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Archive for Wednesday, November 21, 2001

People

November 21, 2001

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Citizen Mandela

Canada bestowed honorary citizenship on Nelson Mandela, making him only the second foreigner to receive the honor.

Prime Minister Jean Chretien welcomed the former South African president into "the Canadian family" on Monday, calling him "a citizen of the world by excellence, and forever more, a citizen of Canada."

Mandela, 83, joined Raoul Wallenberg, the Swedish diplomat who helped thousands of Jews escape the Nazis in Europe, as the only recipients of honorary Canadian citizenship. Wallenberg, who died in 1947, was honored posthumously in 1985.

Belaboring his point

Ian McKellen accused British Prime Minister Tony Blair's Labor government of failing to tackle discrimination against homosexuals.

The British actor, who stars in the upcoming movie "The Lord of the Rings: The Fellowship of the Ring," said the Labor administration was no better than its Conservative predecessor at addressing gay issues.

In an interview published Tuesday with the Radio Times magazine, the actor and prominent gay rights campaigner also said it was "appalling" that gays were still discriminated against in the workplace in Britain.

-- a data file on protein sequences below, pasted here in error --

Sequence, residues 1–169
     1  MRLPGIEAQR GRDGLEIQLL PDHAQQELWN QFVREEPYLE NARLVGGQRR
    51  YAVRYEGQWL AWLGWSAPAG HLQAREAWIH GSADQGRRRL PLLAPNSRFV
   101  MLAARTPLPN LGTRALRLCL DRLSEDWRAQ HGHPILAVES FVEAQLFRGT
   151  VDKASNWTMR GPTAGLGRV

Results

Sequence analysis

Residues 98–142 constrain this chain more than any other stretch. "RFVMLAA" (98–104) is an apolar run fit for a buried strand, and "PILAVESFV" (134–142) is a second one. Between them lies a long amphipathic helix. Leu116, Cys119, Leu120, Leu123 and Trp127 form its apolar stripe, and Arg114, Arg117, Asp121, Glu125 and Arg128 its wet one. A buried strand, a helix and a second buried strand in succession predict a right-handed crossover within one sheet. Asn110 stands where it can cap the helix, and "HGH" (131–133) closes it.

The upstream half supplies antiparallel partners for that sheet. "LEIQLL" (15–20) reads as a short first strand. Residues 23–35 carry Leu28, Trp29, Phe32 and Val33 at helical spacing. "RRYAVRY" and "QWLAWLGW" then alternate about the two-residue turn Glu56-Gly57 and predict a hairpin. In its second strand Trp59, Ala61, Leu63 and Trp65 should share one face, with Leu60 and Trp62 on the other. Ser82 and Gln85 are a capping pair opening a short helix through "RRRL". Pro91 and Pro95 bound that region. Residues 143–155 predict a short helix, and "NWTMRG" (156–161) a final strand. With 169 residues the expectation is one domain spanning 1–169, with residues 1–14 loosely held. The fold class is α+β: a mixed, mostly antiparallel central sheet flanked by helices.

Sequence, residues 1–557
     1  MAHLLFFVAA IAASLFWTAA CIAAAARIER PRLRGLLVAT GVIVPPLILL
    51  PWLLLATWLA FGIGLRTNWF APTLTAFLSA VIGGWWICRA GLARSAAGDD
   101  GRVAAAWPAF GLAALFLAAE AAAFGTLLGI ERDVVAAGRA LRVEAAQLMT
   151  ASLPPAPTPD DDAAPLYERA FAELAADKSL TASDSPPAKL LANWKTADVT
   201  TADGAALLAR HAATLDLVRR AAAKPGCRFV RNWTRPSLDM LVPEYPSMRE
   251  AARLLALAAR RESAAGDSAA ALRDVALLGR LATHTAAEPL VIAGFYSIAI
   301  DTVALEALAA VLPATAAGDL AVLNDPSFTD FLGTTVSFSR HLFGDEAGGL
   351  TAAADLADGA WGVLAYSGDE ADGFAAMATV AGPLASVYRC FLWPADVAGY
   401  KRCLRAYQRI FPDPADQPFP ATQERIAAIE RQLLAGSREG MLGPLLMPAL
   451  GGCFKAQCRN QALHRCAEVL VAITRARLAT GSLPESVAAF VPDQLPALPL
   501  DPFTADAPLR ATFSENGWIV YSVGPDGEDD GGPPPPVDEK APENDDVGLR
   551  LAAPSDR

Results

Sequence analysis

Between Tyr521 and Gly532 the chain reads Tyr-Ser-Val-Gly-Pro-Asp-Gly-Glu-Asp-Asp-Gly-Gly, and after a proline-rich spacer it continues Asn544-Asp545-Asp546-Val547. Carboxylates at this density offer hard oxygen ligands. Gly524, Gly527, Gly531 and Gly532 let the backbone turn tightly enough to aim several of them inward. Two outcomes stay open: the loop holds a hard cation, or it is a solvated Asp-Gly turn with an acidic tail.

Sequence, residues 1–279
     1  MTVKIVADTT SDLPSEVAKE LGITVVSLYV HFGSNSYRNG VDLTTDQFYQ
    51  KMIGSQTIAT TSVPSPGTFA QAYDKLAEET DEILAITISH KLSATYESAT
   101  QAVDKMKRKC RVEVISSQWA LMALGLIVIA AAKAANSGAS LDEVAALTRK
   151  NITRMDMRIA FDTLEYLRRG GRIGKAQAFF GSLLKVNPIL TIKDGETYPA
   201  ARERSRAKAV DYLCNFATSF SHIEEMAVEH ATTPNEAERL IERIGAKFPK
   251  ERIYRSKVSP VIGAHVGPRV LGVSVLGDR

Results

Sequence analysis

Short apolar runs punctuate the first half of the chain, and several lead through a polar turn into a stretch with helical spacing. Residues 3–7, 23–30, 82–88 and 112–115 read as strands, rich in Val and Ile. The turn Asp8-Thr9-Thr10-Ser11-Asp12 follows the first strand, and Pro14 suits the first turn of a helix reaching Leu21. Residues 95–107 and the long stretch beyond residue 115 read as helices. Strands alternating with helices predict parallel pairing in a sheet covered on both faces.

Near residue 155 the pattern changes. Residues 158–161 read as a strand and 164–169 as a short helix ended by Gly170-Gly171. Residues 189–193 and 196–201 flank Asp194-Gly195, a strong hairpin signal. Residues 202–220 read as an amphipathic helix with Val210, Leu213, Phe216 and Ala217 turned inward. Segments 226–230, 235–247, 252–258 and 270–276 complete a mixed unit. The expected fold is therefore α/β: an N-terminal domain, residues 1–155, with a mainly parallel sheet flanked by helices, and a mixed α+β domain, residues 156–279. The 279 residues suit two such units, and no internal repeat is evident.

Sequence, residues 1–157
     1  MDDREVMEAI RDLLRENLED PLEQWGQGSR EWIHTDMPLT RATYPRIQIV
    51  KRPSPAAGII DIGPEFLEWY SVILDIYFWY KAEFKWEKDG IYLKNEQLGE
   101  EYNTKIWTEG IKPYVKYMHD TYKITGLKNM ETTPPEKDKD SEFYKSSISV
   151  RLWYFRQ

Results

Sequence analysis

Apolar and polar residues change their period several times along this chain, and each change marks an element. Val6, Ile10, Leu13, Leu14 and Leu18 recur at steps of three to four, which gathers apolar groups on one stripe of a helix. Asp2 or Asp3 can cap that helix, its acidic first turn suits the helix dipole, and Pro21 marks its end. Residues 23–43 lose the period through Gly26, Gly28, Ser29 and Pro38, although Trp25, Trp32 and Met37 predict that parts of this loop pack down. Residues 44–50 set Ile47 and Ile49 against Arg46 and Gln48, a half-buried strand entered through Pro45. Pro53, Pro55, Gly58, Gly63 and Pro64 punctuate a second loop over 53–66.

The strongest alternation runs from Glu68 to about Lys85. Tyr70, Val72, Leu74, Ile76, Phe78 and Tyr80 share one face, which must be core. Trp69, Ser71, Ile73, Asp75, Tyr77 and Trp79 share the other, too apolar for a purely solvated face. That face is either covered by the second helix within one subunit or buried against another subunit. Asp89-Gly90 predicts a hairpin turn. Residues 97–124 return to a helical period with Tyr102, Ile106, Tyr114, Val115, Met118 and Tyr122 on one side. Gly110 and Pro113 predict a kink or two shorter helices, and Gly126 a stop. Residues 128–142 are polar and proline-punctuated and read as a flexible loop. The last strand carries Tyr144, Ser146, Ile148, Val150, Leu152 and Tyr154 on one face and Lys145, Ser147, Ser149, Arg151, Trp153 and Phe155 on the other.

Blair appointed Britain's first openly gay Cabinet minister after the Labor Party took power in 1997, making Chris Smith his culture secretary.

Single-minded plea

"Harry Potter" author J.K. Rowling is calling on the British government to improve the plight of more than 1 million single-parent families living in poverty.

"Lone parents and their children are the poorest groups in our society. We are a wealthy nation, yet we have one of the worst records of child poverty in the industrialized world. It is a scandal," Rowling told the National Council for One Parent Families conference on Monday in London.

Rowling, herself a single mother, has spoken in the past of the difficulties of caring for her daughter, before literary fame brought her a fortune.

Still on the job

Queen Elizabeth II met Dracula on Tuesday and asked about his career.

At an investiture at Buckingham Palace, the monarch awarded 79-year-old actor Christopher Lee the title Commander of the British Empire, or CBE, for his services to entertainment.

"The queen said, 'You've had a long career' it's 55 years now and she asked me what I was doing now," said Lee, a longtime star for Britain's Hammer horror studio whose many films include "Horror of Dracula" and "The Curse of Frankenstein."

Lee plays 8,000-year-old wizard Saruman the White in "The Lord of the Rings: The Fellowship of the Ring," the adaptation of J.R.R. Tolkien's classic, which opens Dec. 19 in the United States. Lee also plays the villainous Count Dooku in the latest "Star Wars" prequel, due out in May.

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